PerspectivePlant Science

SWEET! The Pathway Is Complete

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Science  13 Jan 2012:
Vol. 335, Issue 6065, pp. 173-174
DOI: 10.1126/science.1216828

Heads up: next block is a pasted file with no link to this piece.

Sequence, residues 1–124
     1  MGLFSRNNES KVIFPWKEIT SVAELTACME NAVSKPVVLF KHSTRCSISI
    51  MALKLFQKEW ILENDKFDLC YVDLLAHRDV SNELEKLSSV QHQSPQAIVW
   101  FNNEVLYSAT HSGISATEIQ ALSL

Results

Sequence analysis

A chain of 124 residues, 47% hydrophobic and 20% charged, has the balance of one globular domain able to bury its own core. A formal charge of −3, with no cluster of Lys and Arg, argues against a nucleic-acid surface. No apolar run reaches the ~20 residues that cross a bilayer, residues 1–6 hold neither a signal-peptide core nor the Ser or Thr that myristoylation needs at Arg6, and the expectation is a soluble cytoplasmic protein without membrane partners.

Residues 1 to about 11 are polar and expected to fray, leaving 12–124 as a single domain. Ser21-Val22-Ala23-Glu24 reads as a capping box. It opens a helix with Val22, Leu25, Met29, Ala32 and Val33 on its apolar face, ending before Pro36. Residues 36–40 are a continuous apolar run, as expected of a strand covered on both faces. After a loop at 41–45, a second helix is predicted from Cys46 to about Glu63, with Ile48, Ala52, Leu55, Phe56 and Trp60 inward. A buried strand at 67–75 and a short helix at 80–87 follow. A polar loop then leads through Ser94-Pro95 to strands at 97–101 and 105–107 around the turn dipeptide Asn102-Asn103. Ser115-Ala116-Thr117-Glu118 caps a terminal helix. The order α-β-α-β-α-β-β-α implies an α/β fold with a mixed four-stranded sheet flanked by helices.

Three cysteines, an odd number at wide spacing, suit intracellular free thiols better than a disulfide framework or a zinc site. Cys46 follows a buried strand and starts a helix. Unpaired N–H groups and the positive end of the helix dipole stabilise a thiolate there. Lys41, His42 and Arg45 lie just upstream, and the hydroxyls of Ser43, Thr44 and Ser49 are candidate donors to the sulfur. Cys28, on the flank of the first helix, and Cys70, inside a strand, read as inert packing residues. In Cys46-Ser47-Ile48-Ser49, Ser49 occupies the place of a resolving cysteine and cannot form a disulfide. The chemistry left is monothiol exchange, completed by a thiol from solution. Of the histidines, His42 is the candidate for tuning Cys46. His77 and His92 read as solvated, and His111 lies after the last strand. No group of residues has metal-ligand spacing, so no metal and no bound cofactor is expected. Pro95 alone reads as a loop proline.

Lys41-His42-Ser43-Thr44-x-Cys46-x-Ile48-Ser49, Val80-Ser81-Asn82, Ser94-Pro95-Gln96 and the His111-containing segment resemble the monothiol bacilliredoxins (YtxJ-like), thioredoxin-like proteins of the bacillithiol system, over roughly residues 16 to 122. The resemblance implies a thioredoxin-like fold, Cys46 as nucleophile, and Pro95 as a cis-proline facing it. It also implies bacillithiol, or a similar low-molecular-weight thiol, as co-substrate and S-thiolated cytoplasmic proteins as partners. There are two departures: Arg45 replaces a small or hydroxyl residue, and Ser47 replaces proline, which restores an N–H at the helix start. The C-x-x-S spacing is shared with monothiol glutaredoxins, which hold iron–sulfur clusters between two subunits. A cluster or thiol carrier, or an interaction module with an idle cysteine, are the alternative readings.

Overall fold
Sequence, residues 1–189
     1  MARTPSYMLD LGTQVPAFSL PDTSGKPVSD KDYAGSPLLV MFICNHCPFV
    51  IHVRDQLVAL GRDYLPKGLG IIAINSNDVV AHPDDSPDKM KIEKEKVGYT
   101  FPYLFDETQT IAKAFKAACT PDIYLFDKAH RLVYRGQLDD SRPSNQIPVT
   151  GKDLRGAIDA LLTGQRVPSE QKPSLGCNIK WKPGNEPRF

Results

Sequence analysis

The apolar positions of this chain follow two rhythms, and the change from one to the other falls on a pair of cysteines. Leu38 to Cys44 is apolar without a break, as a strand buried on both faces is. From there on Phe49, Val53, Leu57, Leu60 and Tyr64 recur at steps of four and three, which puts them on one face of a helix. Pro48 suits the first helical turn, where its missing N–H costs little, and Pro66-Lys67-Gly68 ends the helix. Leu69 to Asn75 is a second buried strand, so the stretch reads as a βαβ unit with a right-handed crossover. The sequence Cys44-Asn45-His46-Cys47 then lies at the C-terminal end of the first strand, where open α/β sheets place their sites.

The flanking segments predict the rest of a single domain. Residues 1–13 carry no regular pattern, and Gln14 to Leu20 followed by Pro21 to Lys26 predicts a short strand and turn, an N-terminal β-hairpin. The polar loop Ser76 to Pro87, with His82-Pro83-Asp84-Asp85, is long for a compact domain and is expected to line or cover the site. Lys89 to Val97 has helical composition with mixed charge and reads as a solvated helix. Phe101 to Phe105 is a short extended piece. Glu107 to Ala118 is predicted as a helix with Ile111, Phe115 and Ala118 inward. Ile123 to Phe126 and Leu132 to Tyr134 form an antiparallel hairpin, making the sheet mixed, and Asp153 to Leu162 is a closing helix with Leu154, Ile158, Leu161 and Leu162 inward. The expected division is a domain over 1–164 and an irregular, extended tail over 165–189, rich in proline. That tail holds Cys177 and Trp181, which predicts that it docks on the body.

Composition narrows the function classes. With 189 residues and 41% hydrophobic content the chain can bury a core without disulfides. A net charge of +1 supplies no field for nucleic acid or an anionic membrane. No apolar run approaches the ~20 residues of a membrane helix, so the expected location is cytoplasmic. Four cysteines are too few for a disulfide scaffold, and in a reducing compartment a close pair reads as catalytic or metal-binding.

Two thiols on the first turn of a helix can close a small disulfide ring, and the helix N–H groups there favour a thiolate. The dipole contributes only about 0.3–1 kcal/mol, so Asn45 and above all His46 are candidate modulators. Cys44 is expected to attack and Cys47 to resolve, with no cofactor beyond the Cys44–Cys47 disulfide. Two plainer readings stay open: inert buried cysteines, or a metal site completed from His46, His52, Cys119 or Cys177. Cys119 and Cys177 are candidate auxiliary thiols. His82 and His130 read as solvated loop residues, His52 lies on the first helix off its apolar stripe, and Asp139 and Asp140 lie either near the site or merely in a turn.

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Photosynthesis in plants leads to the accumulation of carbohydrates (e.g., sugars, starch), upon which all terrestrial life depends. In most plants, sucrose is the principal carbohydrate transported long-distance in the veins to support the growth and development of roots, flowers, fruits, and seeds. Sucrose can be directly stored in specialized tissues, such as fruits or the stems of sugarcane and sweet sorghum, or it can be converted into starch in cereal seeds and potato tubers. Thus, proper control of carbohydrate partitioning is fundamental to crop yield and human nutrition and to the development of plant-based biofuels. Given the importance of this process, it may come as a surprise that until now, we did not understand the entire pathway for the export of sucrose from leaves. On page 207 of this issue, Chen et al. (1) identify and characterize the long-sought missing player in sucrose transport, the sucrose effluxer.